A Report of Data-Intensive Capability, Institutional Support, and Data Management Practices in Social Sciences

  • Wei Jeng University of Pittsburgh
  • Liz Lyon University of Pittsburgh


We report on a case study which examines the social science community’s capability and institutional support for data management. Fourteen researchers were invited for an in-depth qualitative survey between June 2014 and October 2015. We modify and adopt the Community Capability Model Framework (CCMF) profile tool to ask these scholars to self-assess their current data practices and whether their academic environment provides enough supportive infrastructure for data related activities. The exemplar disciplines in this report include anthropology, political sciences, and library and information science.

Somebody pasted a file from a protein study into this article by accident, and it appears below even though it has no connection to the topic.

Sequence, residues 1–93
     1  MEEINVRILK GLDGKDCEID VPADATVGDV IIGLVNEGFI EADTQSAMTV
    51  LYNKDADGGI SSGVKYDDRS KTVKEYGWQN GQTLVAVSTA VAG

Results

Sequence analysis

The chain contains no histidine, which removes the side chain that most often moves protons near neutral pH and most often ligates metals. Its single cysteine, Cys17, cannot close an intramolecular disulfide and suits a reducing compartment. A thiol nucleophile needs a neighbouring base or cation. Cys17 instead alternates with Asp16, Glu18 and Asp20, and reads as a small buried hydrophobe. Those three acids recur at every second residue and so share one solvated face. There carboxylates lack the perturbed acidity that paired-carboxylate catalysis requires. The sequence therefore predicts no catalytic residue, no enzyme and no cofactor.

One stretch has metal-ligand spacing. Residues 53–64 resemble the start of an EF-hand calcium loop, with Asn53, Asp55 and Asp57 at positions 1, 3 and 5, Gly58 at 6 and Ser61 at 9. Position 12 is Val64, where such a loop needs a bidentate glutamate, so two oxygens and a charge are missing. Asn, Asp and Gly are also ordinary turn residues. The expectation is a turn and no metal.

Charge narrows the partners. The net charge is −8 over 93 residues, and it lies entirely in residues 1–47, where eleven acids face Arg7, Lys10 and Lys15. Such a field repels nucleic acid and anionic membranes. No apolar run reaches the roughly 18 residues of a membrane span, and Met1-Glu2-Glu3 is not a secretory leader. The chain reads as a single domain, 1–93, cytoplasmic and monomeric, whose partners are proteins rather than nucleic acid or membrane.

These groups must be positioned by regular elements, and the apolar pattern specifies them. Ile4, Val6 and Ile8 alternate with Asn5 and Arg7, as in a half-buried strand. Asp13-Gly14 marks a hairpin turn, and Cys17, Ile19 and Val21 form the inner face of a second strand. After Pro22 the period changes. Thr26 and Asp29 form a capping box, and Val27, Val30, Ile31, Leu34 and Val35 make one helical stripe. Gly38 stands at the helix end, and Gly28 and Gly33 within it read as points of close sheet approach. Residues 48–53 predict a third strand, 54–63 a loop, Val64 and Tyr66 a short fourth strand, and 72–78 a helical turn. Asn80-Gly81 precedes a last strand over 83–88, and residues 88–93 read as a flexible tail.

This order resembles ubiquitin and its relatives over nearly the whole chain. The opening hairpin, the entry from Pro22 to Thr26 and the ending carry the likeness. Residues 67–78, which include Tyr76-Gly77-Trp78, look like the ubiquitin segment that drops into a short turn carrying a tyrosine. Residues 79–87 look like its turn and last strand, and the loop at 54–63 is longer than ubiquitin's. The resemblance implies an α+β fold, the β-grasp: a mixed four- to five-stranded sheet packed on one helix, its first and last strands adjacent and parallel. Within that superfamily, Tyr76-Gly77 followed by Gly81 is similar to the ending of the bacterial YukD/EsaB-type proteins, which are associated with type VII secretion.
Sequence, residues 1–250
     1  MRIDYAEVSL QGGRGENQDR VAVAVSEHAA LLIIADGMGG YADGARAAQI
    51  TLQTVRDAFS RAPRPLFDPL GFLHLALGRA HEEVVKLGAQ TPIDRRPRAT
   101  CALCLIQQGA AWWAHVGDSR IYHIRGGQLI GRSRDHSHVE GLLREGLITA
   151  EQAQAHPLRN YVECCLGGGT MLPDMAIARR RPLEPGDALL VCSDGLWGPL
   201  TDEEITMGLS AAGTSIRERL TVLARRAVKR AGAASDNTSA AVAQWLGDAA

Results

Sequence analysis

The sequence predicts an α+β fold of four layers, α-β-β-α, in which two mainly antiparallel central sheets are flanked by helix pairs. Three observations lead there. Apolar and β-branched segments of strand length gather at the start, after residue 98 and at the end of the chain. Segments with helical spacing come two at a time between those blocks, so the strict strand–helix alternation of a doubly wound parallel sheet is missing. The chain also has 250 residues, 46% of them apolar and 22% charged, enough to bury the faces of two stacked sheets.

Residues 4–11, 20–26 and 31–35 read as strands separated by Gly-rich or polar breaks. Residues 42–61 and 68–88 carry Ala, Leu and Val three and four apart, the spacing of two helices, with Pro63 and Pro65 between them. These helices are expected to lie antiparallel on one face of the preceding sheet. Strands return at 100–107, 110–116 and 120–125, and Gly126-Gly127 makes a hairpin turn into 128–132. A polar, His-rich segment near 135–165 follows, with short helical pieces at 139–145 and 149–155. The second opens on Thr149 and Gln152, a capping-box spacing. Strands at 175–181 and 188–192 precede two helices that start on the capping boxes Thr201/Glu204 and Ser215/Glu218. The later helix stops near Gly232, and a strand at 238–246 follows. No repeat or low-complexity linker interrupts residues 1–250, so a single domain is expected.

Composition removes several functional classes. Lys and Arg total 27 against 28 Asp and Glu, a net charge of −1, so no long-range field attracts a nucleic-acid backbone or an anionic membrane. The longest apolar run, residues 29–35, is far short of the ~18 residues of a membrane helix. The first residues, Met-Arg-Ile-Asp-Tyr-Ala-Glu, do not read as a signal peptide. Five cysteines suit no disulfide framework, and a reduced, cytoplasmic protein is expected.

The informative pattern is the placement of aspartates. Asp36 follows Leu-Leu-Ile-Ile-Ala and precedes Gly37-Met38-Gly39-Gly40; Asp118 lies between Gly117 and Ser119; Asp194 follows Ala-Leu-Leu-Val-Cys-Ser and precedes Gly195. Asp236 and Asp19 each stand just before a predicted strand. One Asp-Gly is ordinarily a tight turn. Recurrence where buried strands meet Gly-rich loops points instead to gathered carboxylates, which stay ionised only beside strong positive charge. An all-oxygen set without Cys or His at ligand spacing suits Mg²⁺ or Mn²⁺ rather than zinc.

Our findings deepen our understanding of social disciplines and identify capabilities that are well developed and those that are poorly developed. The participants reported that their institutions have made relatively slow progress on economic supports and data science training courses, but acknowledged that they are well informed and trained for participants’ privacy protection. The result confirms a prior observation from previous literature that social scientists are concerned with ethical perspectives but lack technical training and support. The results also demonstrate intra- and inter-disciplinary commonalities and differences in researcher perceptions of data-intensive capability, and highlight potential opportunities for the development and delivery of new and impactful research data management support services to social sciences researchers and faculty.


Research Papers